| Palestinians stand on the rubble and debris of the Latin Patriarchate Holy Family School after it was hit during Israeli military bombardment in Gaza City on 7 July 2024 AFP | MR Online Palestinians stand on the rubble and debris of the Latin Patriarchate Holy Family School after it was hit during Israeli military bombardment, in Gaza City on 7 July 2024 (AFP)

War on Gaza: Death toll from Israeli assault could exceed 186,000, Lancet warns

Originally published: Middle East Eye on July 8, 2024 by Middle East Eye Staff (more by Middle East Eye)  | (Posted Jul 09, 2024)

A letter written by experts and published in the British medical journal, the Lancet, estimates that the actual death toll of Palestinians killed in Gaza could exceed 186,000.

The official death toll of Palestinians killed since Israel’s war on Gaza began in October is 38,153, according to Gaza’s health ministry.

However, the letter emphasised that this figure is likely a dramatic underestimate and does not account for the thousands of people buried under the rubble or for the mounting “indirect” deaths as a result of Israel’s destruction of Gaza’s food distribution, healthcare and sanitation systems.

“The total death toll is expected to be large given the intensity of this conflict; destroyed health-care infrastructure; severe shortages of food, water, and shelter; the population’s inability to flee to safe places; and the loss of funding to UNRWA, one of the very few humanitarian organizations still active in the Gaza Strip,” the letter said.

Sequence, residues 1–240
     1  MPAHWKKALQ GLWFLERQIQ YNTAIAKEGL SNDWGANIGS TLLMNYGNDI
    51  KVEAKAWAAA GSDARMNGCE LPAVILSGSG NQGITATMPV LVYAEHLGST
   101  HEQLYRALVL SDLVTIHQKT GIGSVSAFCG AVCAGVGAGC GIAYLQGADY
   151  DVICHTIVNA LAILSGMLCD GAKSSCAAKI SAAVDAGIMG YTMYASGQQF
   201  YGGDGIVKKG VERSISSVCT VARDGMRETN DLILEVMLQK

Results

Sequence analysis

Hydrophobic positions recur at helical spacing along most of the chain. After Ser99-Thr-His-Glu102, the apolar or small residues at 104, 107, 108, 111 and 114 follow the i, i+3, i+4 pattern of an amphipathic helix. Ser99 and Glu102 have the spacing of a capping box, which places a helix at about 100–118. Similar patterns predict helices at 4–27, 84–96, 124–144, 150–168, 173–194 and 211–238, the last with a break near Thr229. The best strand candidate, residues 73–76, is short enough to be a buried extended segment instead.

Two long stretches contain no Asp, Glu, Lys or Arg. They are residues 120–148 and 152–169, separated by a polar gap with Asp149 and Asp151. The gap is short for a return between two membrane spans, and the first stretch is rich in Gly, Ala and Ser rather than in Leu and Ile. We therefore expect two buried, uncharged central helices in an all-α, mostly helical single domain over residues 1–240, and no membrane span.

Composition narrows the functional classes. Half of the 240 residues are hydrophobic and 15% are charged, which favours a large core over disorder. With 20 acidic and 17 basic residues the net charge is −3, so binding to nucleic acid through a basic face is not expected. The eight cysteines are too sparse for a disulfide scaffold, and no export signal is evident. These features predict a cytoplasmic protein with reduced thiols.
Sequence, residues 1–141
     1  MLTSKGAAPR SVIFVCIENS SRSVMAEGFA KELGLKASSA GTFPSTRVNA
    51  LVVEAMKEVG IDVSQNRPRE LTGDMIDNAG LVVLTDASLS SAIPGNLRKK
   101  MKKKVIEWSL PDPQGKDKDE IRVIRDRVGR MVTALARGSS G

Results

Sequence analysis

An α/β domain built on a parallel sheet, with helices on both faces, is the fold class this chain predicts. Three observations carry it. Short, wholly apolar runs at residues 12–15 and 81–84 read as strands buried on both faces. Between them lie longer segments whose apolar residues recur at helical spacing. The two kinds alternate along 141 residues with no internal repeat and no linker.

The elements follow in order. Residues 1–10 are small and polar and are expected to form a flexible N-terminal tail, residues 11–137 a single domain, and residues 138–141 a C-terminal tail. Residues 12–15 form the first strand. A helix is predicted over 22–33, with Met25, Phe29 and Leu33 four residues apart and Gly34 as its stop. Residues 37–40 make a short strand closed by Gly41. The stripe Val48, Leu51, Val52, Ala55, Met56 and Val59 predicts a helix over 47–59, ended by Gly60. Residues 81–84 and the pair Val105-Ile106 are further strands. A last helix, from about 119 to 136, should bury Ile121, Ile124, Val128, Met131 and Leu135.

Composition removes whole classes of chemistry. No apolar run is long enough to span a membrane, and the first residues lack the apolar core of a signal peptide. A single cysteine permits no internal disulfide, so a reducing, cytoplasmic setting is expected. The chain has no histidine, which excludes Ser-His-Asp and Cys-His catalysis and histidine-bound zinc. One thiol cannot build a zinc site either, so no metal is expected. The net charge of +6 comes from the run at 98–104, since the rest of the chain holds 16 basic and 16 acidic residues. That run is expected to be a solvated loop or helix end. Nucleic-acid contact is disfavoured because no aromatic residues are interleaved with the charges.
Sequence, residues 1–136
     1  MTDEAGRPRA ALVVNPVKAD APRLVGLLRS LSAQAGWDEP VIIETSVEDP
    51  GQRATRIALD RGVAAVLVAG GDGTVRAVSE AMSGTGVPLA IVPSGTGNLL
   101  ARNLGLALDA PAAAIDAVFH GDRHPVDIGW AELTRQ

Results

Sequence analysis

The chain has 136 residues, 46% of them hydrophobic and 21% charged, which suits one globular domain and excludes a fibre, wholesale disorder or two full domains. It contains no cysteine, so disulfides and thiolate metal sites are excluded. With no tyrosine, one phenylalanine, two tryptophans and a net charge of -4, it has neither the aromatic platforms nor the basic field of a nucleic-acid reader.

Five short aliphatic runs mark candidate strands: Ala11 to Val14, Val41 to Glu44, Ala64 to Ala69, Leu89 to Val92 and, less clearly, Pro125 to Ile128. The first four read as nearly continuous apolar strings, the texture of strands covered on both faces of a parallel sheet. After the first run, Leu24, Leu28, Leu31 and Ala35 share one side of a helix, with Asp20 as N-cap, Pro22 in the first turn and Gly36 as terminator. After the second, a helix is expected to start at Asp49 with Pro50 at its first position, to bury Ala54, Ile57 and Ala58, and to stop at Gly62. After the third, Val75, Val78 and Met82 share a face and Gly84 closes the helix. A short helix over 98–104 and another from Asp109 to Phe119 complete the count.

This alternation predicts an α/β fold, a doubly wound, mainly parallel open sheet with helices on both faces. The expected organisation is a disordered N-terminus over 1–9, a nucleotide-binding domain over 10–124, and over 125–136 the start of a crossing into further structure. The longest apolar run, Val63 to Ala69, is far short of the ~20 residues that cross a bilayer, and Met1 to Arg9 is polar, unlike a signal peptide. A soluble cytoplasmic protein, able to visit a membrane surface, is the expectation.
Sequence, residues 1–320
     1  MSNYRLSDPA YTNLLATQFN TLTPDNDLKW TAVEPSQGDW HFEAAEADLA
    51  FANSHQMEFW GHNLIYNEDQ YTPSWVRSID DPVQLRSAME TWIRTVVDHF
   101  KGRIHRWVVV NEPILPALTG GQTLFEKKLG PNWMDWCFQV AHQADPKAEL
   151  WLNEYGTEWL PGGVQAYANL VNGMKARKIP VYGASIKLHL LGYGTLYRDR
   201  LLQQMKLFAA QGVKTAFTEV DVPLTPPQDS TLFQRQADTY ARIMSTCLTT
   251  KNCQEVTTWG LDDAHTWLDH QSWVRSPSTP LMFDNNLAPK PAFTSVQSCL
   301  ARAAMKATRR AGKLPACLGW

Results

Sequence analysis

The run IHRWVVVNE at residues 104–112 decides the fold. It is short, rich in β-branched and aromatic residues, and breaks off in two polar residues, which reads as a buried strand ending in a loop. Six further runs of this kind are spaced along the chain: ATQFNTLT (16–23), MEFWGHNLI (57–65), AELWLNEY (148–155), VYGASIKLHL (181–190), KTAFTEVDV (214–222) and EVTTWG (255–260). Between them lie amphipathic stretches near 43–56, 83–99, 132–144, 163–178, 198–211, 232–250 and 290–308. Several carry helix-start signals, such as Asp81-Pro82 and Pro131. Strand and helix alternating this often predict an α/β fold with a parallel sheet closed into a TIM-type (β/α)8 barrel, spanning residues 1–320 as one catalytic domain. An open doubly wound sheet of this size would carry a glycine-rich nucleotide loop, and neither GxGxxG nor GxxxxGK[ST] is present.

The letter estimated that the number of bodies still buried in the rubble is likely to exceed 10,000, as 35 percent of Gaza’ buildings have been destroyed, according to UN data.

Citing the transparency watchdog Airwars, which conducts detailed investigations of incidents of civilian harm in areas of conflict, the names of identifiable victims are often omitted from the ministry’s fatalities lists.

It added that data collection is becoming increasingly difficult for the Gaza health ministry.

The destruction of much of the strip’s infrastructure means it is having to rely on information from media sources and first responders to update its figures.

“This change has inevitably degraded the detailed data recorded previously,” the letter said, adding that the ministry now reports separately the number of unidentified bodies among the total death toll.

The letter urged for an immediate ceasefire and the distribution of humanitarian aid in the strip. It also emphasised the need to accurately record “the scale and nature of suffering” in Gaza.

“Documenting the true scale is crucial for ensuring historical accountability and acknowledging the full cost of the war. It is also a legal requirement,” it said.

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